As China Shifts to Bigger Farms, Food Becomes SaferUSAgNet - July 11, 2018
Behind a row of sealed red incubator doors in a new facility in northern China, about 400,000 chicks are hatched every day, part of the rapidly modernising supply chain in China's $37 billion egg industry, the world's biggest. As China overhauls production of
everything from pork to milk and vegetables, farmers raising hens for eggs are also shifting from backyards to factory farms, where modern standardised processes are expected to raise quality and safety.
That's an important step in a country where melamine-tainted eggs and eggs with high antibiotic residues have featured in a series of food safety scandals in recent years. It is also spurring demand for higher priced branded eggs over those sold loose in fresh produce markets, reports Reuters.
"These days if you're a small farmer, your eggs won't get into the supermarkets," said Yuan Song, analyst with China-America Commodity Data Analytics.
Tough new regulations on treating manure and reducing the environmental impact from farms have also pushed many small farmers out.
Most egg producers now have between 20,000 and 50,000 hens, said Yuan, a significant change even from two years ago. The remainder with less than 10,000 birds are likely to be shut down soon as local governments favour larger producers that can be more easily scrutinised.
Those rapid changes are driving investments like the 150 million yuan ($22.60 million) hatchery in Handan, about 400km (250 miles) southwest of Beijing.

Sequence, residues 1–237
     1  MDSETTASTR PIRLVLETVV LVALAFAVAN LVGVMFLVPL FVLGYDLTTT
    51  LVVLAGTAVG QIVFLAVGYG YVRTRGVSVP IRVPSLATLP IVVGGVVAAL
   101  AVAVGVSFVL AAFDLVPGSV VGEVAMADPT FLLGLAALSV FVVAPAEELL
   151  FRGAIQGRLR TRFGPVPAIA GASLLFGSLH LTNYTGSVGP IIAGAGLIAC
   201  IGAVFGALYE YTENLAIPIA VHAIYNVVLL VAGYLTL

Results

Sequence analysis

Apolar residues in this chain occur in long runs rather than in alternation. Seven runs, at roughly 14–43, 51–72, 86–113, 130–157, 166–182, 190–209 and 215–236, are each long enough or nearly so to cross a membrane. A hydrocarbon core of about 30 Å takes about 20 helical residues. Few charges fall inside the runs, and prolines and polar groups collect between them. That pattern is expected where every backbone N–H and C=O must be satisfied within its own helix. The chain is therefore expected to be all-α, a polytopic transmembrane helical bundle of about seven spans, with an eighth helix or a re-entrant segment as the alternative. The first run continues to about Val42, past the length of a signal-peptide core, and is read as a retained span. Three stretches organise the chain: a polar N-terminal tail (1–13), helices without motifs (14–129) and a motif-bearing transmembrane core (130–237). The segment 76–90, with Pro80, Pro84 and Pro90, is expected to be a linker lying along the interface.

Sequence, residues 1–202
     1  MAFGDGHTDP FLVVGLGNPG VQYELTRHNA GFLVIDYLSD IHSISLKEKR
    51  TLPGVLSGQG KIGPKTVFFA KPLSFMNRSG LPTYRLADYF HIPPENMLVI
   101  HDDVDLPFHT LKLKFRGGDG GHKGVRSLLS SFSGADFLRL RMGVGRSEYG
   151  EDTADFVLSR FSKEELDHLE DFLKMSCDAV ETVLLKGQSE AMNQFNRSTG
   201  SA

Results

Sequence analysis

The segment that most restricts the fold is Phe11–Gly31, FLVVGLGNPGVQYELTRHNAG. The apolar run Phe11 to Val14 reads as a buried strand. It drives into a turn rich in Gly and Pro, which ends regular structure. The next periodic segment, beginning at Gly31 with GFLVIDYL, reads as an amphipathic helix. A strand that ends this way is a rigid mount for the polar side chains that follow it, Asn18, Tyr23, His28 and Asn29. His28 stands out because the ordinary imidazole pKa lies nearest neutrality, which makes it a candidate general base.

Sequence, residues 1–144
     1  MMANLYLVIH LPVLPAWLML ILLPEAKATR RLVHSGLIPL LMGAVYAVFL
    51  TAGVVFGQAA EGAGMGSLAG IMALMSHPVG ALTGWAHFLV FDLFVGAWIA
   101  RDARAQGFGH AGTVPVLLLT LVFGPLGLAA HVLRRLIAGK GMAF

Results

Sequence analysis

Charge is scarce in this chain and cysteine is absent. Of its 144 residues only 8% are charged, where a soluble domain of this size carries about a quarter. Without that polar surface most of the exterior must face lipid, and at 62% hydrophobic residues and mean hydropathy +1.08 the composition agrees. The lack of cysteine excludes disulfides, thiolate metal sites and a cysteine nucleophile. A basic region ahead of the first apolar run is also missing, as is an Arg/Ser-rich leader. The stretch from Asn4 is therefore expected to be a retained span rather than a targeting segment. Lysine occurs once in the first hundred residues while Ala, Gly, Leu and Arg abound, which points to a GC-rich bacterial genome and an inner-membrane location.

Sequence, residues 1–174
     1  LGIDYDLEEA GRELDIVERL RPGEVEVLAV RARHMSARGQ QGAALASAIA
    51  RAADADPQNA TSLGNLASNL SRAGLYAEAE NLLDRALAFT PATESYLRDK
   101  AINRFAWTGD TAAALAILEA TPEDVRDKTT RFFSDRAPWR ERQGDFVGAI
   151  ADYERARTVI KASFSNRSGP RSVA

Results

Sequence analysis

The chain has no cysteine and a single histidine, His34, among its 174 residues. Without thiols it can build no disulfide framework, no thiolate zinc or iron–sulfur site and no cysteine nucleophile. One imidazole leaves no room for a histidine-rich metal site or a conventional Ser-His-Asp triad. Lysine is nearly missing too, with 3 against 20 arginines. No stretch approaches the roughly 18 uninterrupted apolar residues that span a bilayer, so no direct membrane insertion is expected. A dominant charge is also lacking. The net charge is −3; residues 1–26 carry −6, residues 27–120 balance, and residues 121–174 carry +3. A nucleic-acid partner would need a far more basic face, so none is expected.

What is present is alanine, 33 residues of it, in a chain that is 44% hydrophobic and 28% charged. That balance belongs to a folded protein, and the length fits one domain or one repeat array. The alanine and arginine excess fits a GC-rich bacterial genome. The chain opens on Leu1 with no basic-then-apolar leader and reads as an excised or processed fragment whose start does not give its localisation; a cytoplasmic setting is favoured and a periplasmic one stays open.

The highly automated plant, owned by a joint venture between China's Huayu Agricultural Science and Technology Co Ltd and EW Group's genetics business Hy-Line International, is the world's biggest hatchery of layer chicks, or birds raised to produce eggs rather than meat.
By producing 200,000 females a day, or around 60 million layers a year (one day a week is for cleaning), it can meet demand from larger farms who want to buy day-old-chicks in one batch, said Jonathan Cade, president of Hy-Line International, based in West Des Moines, Iowa.
A woman inspects eggs for cracks at the Huayu hatchery in Handan, Hebei province, China, June 25, 2018. Picture taken June 25, 2018. REUTERS/Thomas Peter "That's the best way to start off with good biosecurity," he said. When the birds on one farm are the same age, they are less likely to spread disease.
Imported, latest-generation equipment helps speed up the throughput of the hatchery. An automatic grading machine, which can handle 60,000 eggs an hour, sorts eggs into two acceptable sizes before they enter incubators - uniform eggs produce similar sized chicks that will have the same feeding ability.
Once hatched, female chicks go to automated beak-clipping machines that process around 3,500 an hour.